At your event at the Edinburgh Book Festival you revealed the fact that you're related to one of the actors in JAWS. Is that true?
Yes - 100% true. I don't make this stuff up, you know. (Well... Not all of it.) Robert Shaw (who played Quint in Jaws) was my mother's oldest brother, so he's my uncle. He was a great stage actor (who worked with companies like the RSC) as well as being a film star. He was Henry VIII in A Man for All Seasons, a stunningly cool Bond villain in From Russia with Love, bad guy Lonnegan in The Sting and the Sheriff of Nottingham in Robin and Marian. He was really good at playing baddies.
You seem to like writing crime fiction - indeed, you have quite a high death rate in your books. Are you keen on reading crime novels? And why?
Yes, the Poppy Fields books do have a high body count (killing people for a living is fantastically therapeutic!) but I always obey the no.1 rule of writing Agatha-Christie-style crime: Never kill anyone the reader actually cares about.
I've always loved reading crime novels. I started out with Agatha Christie and then moved on to grittier stuff, but the principle remained the same: there's something very satisfying about following clues, batting away red herrings, trying to guess the killer's identity before the investigator does. I like doing crosswords and jigsaw puzzles for the same reason. Crime fiction is strangely soothing - there's something very comforting in knowing that the crime will be solved, justice will be done, and order will be restored.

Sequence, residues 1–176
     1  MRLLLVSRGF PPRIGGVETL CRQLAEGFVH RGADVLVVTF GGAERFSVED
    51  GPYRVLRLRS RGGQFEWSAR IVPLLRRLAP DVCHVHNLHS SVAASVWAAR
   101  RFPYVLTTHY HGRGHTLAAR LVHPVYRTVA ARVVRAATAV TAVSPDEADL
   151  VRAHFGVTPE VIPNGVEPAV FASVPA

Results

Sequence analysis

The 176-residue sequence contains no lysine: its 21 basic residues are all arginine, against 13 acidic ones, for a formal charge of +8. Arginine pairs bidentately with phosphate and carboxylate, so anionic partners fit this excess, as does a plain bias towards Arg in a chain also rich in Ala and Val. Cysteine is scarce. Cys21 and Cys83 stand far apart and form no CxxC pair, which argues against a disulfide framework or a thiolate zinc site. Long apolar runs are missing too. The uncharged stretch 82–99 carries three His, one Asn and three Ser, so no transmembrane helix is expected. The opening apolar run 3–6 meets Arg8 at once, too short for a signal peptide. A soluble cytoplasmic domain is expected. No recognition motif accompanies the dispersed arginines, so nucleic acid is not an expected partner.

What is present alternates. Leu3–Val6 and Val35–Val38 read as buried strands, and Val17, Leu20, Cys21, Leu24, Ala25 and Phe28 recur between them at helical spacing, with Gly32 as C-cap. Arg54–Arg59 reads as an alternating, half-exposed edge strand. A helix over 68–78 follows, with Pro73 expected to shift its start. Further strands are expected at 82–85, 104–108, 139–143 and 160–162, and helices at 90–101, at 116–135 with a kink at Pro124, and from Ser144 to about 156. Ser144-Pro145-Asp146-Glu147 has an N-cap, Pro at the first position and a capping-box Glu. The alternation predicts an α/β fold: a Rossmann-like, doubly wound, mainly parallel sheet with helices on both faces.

There are some brilliant writers around right now, whose work I hugely admire. When I was in the Authors' Yurt at the Edinburgh Book Festival both Ian Rankin and Val McDermid were there AT THE SAME TIME and I had palpitations. It's just as well Christopher Brookmyre wasn't there that particular weekend too, or I would have needed medical assistance.
Your books - well, those for younger readers, are often very witty. Is that something that comes naturally? Or do you think it's something young readers need in their books?
I have a lot of fun writing for younger readers, so I guess it's something that comes naturally.
Zombie Dawn!!! is full of film trivia - did you have all that in your head, or did you have to research the subject? What's the most fascinating fact you uncovered? Why do you think this readership will be interested?
My mind is jam-packed full of trivia. (It's wonderful to finally have somewhere to offload it all - my brain was in danger of exploding). I don't think I'm alone in this - lots of readers seem to like gathering interesting little nuggets of information.
Really, this series should be titled Sam Swann and Watson's Movie Mysteries because that dog definitely gets equal billing within the story. Did you always intend to make Watson such a Big Character in the book?
He wasn't meant to be such a big character - he just kept pushing his way in with his big wet nose and thumping waggy tail. He's very badly trained. Really, there was no stopping him.
How does it feel to see your words represented in Daniel Hunt's illustrations? Zombie Dawn!!! is practically a graphic novel in some places - was that a surprise to you, or did you always envisage the book as being illustrated?
It's FANTASTIC. I always imagined the book as a mix of words and pictures, with plenty of cartoon and graphic novel type sequences to help the action along. I am completely useless at drawing, so it's truly magical to see what Daniel has done.
Which comes first - character or plot or setting or premise?
Character definitely. Sam and Watson came into my head and then I just let them loose to see what would happen...